Probably unexpected of any independent sports culture site, we’ve spent a fair amount of time here discussing the actions, inactions, perceptions and statuses of the sports commissioners of the four major leagues here in North America. Each article you’ve seen here since TSFJ launched provided not only opinions of what these men have done and left alone, but asked questions about said decisions.
There’s one question that seemingly no one has ever asked: Who in the world would want to be a commissioner of a professional sports league?
Within the last two months, we’ve seen these leaders have some publicly dissected egg-on-face moments. Roger Goodell’s Bountygate suspensions being overturned (by his predecessor!). David Stern’s handling of the Spurs resting players. Bud Selig having to face further criticism of the Steroid Era thanks to the BBWAA. And of course, Gary Bettman and the now-ended NHL lockout.
It seems as if these guys are firemen with three-piece suits on. They have to put out every fire sparked and even predict where the next one will start.
Though they have spearheaded positive initiatives for their leagues, these men are heavily criticized because they are the faces of the league when it comes to messy business matters, player discipline and far more from their league offices. Yes, they are all well-compensated men, and the same is true for commissioners in other pro leagues that don’t have as much of a spotlight on them (Major League Soccer’s Don Garber, for example).
What we see as the prime objective for this head honcho spot is to make money for the owners (or at least protect the money they’ve already made). However, underlying that is the need for this person to corral the varied agendas of franchise owners into a uniform directive on how a league should operate. So as we saw David Stern steer the ship for the owners in the 2011 NBA lockout, not only did he have to consider the perspectives of James Dolan, Mark Cuban and Micky Arison, but also Dan Gilbert, Paul Allen, Senator Herb Kohl and even Michael Jordan.
Then there’s what’s not so obvious until something happens. They determine how to punish wrongdoers, deal with local and national security of every person in the stadiums, balance civic pride with business interests, jump out in front of foot-in-mouth controversies, and so much more us fans and media members may not realize from the views of our couches.
Someone who is able to take on all of these responsibilities can’t be of a weak stomach and thin skin. On occasion, that someone has to tell an owner that he’s out of line. That someone has to accept that there are going to be some prominent voices in the media telling the people how awful he or she is (even if some just have an axe to grind).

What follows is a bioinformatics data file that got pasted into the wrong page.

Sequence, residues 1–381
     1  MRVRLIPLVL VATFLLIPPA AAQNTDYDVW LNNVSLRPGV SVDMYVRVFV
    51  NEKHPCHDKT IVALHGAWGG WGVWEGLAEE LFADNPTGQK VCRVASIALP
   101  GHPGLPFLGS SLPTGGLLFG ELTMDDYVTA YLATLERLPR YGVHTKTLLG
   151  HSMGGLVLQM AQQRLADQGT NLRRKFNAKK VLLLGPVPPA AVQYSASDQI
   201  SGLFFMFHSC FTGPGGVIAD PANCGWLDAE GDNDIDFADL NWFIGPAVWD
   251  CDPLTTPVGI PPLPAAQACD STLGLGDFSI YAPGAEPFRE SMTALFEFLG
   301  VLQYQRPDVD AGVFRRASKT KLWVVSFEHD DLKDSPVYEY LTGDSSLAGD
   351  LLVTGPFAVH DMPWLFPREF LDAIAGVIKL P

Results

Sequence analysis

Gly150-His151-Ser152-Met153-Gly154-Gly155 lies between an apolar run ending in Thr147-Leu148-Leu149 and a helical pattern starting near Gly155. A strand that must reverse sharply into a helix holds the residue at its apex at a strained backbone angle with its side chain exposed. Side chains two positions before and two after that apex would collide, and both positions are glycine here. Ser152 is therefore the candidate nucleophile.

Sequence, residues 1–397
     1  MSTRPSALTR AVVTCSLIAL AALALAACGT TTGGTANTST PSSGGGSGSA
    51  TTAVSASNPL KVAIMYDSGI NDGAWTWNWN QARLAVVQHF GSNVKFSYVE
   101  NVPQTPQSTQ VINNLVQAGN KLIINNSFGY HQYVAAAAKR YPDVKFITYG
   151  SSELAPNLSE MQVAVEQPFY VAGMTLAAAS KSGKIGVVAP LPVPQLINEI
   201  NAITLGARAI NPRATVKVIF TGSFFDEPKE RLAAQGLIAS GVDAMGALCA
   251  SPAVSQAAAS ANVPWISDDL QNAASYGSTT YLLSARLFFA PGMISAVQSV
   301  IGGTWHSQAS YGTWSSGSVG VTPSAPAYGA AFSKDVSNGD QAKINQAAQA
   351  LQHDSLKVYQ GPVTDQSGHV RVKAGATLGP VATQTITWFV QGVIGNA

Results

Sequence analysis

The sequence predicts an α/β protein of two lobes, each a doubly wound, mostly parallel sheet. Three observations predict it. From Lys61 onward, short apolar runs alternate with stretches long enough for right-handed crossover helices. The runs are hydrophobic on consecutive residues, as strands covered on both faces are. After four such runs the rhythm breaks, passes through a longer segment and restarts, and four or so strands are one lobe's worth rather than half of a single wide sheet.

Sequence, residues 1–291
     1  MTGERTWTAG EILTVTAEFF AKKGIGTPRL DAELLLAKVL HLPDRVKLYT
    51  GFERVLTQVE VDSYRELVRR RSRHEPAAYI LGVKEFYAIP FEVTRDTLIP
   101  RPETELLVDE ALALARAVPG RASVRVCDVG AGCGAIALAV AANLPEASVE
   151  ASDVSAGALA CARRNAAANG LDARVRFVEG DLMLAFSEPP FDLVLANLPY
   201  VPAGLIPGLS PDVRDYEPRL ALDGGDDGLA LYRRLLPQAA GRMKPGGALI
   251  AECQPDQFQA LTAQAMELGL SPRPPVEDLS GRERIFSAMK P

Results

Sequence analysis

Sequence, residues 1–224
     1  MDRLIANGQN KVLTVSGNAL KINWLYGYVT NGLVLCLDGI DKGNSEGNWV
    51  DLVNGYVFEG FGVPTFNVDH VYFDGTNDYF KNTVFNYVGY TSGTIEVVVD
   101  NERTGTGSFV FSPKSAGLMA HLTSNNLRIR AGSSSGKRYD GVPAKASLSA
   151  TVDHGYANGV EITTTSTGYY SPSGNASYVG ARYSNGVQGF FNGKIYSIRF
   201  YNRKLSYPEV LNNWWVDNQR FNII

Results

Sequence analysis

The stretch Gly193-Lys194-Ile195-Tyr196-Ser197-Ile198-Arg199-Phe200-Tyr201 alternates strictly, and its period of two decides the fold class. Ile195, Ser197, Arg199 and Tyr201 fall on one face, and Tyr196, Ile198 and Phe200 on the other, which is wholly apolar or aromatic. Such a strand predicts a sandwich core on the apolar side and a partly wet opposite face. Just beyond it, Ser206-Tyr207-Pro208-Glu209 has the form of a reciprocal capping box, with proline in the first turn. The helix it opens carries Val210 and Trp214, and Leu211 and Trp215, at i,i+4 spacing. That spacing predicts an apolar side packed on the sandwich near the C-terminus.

Shortly after the NHL’s lockout ended, Yahoo! Sports’ Nicholas Cotsonika explained that despite the ugliness of the process and two decades of unrelenting anger from fans and media, the owners are actually pleased with the job Bettman has done … for them. This one particular paragraph spoke to the complexities of his job:
Bottom line: Bettman got a better deal for the owners than they had before, and he took the heat while they stayed in the shadows. It’s awfully easy (and smart) for teams to pop up now, apologize to the public and imply they didn’t like the lockout, isn’t it? Bettman did his job, while Fehr did his. Now it’s back to business.
And that’s what makes this job, in so many ways, unenviable. For 20 years, Bettman has taken the heat in all directions without weltering under it. Bud Selig has done it just as long as both acting and official commish. Goodell is the young lion in the group, and we know Stern, for all intents and purposes, was born in the NBA. Taking such heat isn’t something most people are built for.
It wasn’t that long ago when the former Secretary of State Condoleezza Rice made it known that she wanted to be the successor to Paul Tagliabue as her time in the Bush II Administration was ending. Her politics aside, it was interesting because a) no woman or minority has ever served as a commissioner in the four major leagues, b) she hadn’t actually worked in the league and c) the successor had sort of been decided long before as Roger Goodell moved up the ranks in the NFL.
At the time most people laughed off the idea that Rice would try to tell the late Al Davis what to do about … well, anything, I found myself actually wondering why in the hell would she want to go from fruitlessly trying to broker peace in the Middle East to trying to interpret the Tuck Rule. Being the commissioner of a pro sports league isn’t as socially important in comparison to serving in government, but there’s a reason why you don’t find openings for it on Indeed.com.
For everything afforded to those in power, there are those moments that would make any sane person wonder, “Why did I want this job again?”
Jason is the editor-in-chief here at TSFJ. In addition to a past life as a research analyst in advertising, television and online media, he spent seven seasons as the New York Beacon’s beat writer for the New York Giants. Jason has written for Yardbarker, Dime Magazine, Decider, Awful Announcing and The Week. He is also a member of his high school’s 4th period gym class floor hockey champions.
He shares more of his perspectives at jasonclinkscales.com.